An incandescent light bulb, lamp, or globe is an electric light, which produces light with a filament wire heated to a high temperature by an electric current passing through it, until it glows. The hot filament is protected from oxidation with a glass or quartz bulb that is filled with inert gas or evacuated. The light bulb is supplied with electrical current by feed-through terminals or wires embedded in the glass. Most bulbs are used in a socket, which provides mechanical support and electrical connections.
Incandescent bulbs are manufactured in a wide range of sizes, light output, and voltage ratings, from 1.5 volts to about 300 volts. They require no external regulating equipment, have low manufacturing costs, and work equally well on either alternating current or direct current. As a result, the incandescent lamp is widely used in household and commercial lighting, for portable lighting such as table lamps, car headlamps, and flashlights, and for decorative and advertising lighting.
Fluorescent lamps or fluorescent tubes are low-pressure mercury-vapor gas-discharge lamps that use fluorescence to produce visible light. An electric current in the gas excites mercury vapor which produces short-wave ultraviolet light that then causes a phosphor coating on the inside of the bulb to glow. A fluorescent lamp converts electrical energy into useful light much more efficiently than incandescent lamps. The luminous efficacy of a fluorescent light bulb can exceed 100 lumens per watt, several times the efficacy of an incandescent bulb with comparable light output.
Fluorescent lamp fixtures are more costly than incandescent lamps because they require a ballast to regulate the current through the lamp, but the lower energy cost typically offsets the higher initial cost. Compact fluorescent lamps are now available in the same popular sizes as an incandescent and are used as an energy-saving alternative in homes.
A halogen lamp, also known as a tungsten halogen, quartz-halogen or quartz iodine lamp, is an incandescent lamp that has a small amount of a halogen such as iodine or bromine added. The combination of the halogen gas and the tungsten filament produces a halogen cycle chemical reaction which redeposits evaporated tungsten back onto the filament, increasing its life and maintaining the clarity of the envelope. Because of this, a halogen lamp can be operated at a higher temperature than a standard gas-filled lamp of similar power and operating life, producing light of a higher luminous efficacy and color temperature. The small size of halogen lamps permits their use in compact optical systems for projectors and illumination.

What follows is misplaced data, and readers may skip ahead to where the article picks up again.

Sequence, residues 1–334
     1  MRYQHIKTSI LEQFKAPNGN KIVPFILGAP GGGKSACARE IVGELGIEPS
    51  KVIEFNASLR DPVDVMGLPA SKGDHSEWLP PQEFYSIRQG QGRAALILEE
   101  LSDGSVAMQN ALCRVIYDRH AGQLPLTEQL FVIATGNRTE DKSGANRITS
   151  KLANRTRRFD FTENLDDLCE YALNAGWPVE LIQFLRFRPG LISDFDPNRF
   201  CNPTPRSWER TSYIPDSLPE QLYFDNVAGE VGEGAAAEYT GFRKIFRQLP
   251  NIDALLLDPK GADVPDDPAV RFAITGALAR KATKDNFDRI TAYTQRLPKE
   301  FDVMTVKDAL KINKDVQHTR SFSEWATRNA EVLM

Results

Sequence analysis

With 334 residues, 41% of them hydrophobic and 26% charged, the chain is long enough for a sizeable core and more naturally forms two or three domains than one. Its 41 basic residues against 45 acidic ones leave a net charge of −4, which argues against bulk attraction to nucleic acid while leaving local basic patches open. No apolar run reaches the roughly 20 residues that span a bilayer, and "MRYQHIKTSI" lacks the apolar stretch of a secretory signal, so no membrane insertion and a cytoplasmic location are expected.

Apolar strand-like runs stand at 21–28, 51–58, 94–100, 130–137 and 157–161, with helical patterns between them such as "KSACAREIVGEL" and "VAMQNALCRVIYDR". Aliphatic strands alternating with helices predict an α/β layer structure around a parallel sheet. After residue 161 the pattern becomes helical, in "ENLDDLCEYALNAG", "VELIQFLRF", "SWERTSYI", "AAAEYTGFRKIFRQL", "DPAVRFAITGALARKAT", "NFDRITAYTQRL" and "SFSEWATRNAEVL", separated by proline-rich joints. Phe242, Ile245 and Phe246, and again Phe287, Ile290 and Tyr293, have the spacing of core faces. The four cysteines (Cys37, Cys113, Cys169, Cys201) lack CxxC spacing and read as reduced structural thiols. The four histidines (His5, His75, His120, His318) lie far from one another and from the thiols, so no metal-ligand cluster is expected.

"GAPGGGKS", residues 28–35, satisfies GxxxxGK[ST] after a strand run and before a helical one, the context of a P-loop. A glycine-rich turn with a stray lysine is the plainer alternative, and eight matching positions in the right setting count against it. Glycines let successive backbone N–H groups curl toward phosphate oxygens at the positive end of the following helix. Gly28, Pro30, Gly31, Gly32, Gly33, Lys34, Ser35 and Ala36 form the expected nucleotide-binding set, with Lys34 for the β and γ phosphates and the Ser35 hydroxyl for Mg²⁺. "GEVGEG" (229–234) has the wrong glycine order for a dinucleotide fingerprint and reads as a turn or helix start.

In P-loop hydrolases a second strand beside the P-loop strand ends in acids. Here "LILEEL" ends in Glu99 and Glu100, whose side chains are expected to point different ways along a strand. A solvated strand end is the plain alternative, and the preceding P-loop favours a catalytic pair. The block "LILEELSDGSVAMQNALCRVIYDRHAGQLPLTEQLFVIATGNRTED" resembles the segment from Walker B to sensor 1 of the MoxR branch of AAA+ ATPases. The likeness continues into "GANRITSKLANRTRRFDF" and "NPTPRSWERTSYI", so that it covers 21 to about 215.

High-intensity discharge lamps (HID lamps) are a type of electrical gas-discharge lamp which produces light by means of an electric arc between tungsten electrodes housed inside a translucent or transparent fused quartz or fused alumina arc tube. This tube is filled with both gas and metal salts. The gas facilitates the arc's initial strike. Once the arc is started, it heats and evaporates the metal salts forming plasma, which greatly increases the intensity of light produced by the arc and reduces its power consumption. High-intensity discharge lamps are a type of arc lamp.
High-intensity discharge lamps make more visible light per unit of electric power consumed than fluorescent and incandescent lamps since a greater proportion of their radiation is visible light in contrast to infrared.
An LED lamp is a light-emitting diode (LED) product that is assembled into a lamp (or light bulb) for use in lighting fixtures. LED lamps have a lifespan and electrical efficiency that is several times better than incandescent lamps, and significantly better than most fluorescent lamps, with some chips able to emit more than 100 lumens per watt.
Some LED lamps are made to be a directly compatible drop-in replacement for incandescent or fluorescent lamps. However, LEDs do not emit light in all directions, and their directional characteristics affect the design of lamps. The light output of single LEDs is less than that of incandescent and compact fluorescent lamps; in most applications multiple LEDs are used to form a lamp.